“When the music stops, in terms of liquidity, things will be complicated,” Chuck Prince (former Citi CEO) said in 2007. “But as long as the music is playing, you’ve got to get up and dance.”
UK house prices are up another +10.9% according to the Nationwide and stock indices the World over are soaring notwithstanding a pandemic that will have cut the best part of 10% from the Global economy, even using narrow GDP metrics, which won’t capture the full impact from all the money printing. Indeed, last October’s Harvard study by David Cutler and Lawrence Summers suggested a figure of nearer -$16tn, or over -16ppts of cumulative impact and this was before the additional ‘waves’ and extended lockdowns, so presumably a revised version on a similar methodology would suggest and even greater impact now.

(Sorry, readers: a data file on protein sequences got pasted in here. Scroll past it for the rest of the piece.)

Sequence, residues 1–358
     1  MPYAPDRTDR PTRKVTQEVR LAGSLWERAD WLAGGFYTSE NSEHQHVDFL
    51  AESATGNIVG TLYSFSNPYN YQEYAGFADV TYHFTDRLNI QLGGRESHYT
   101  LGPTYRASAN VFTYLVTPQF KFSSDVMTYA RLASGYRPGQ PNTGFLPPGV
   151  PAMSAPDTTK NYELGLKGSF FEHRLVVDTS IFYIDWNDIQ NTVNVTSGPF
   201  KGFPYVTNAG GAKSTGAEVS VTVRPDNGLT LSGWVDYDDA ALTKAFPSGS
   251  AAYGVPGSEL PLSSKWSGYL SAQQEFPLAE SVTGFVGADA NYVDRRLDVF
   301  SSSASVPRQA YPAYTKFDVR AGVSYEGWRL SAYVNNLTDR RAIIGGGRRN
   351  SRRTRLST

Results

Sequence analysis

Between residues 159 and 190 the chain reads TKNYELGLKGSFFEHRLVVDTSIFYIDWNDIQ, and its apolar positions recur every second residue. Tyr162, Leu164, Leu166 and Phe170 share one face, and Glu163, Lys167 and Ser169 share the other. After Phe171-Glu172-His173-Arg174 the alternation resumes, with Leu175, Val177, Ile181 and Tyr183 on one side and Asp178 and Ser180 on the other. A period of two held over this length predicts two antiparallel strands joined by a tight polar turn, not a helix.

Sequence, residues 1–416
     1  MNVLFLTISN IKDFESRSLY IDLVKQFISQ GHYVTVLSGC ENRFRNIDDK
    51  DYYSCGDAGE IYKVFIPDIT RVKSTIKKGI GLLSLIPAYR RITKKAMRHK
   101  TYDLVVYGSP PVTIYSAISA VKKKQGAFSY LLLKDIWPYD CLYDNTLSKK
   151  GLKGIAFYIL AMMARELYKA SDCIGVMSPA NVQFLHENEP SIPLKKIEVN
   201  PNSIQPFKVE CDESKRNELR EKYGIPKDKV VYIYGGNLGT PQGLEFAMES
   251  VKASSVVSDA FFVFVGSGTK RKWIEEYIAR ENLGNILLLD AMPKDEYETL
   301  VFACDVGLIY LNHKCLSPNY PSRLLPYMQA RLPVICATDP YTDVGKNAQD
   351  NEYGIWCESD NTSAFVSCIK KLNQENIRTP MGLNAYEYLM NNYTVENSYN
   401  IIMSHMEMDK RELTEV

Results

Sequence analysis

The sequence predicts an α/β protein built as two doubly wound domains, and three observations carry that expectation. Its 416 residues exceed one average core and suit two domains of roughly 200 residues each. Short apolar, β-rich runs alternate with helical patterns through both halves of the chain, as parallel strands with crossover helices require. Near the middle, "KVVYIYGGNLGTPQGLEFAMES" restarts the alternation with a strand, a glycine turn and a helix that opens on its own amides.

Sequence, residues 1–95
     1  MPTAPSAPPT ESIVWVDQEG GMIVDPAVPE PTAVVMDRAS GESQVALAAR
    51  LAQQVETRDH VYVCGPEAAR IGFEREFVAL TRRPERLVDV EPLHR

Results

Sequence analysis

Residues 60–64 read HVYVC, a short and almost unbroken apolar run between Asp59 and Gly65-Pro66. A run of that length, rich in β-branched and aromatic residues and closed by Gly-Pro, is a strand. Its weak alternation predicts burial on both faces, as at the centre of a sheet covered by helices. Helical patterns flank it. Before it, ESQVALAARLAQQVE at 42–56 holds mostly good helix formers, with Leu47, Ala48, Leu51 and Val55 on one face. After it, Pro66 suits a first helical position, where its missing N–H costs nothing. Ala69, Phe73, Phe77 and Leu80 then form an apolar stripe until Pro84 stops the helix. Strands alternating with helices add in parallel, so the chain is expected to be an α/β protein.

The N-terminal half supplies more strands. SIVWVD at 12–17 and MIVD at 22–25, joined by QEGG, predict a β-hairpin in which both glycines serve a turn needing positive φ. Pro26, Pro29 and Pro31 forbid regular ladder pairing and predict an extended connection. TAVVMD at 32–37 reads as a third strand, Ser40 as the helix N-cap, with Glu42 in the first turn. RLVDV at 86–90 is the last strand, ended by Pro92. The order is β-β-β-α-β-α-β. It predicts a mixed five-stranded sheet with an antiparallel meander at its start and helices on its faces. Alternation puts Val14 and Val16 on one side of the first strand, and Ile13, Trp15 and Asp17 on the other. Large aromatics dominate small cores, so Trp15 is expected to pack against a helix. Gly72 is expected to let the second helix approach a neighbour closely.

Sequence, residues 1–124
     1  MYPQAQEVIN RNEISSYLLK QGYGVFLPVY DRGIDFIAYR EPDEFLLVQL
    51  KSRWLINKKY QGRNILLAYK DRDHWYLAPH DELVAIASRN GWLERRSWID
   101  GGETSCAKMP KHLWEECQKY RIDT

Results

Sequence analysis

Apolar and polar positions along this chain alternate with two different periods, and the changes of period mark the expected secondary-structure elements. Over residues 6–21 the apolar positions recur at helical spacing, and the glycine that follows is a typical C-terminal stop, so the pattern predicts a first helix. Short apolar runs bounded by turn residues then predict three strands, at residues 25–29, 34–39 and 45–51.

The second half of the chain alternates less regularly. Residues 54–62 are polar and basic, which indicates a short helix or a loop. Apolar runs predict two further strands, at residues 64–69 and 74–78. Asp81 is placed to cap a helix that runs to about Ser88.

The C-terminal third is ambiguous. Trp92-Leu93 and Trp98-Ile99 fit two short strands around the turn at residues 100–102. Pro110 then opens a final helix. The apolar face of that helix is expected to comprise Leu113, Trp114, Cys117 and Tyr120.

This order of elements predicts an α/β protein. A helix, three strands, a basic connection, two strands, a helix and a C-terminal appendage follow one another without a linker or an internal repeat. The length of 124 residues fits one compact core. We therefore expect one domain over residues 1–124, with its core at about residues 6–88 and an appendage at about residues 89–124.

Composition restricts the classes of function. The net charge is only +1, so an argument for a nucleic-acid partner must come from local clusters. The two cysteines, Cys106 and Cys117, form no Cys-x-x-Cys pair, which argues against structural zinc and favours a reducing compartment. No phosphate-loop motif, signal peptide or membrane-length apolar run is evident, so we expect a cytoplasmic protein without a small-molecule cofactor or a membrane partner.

Short term, the additional liquidity from debt monetisation can paper over the immediate contraction in output, but ultimately this is only deferring the impact to future consumption either from higher taxation, inflation and or interest costs.
At some point the music will have to stop and then at that point we’ll see who’s still dancing.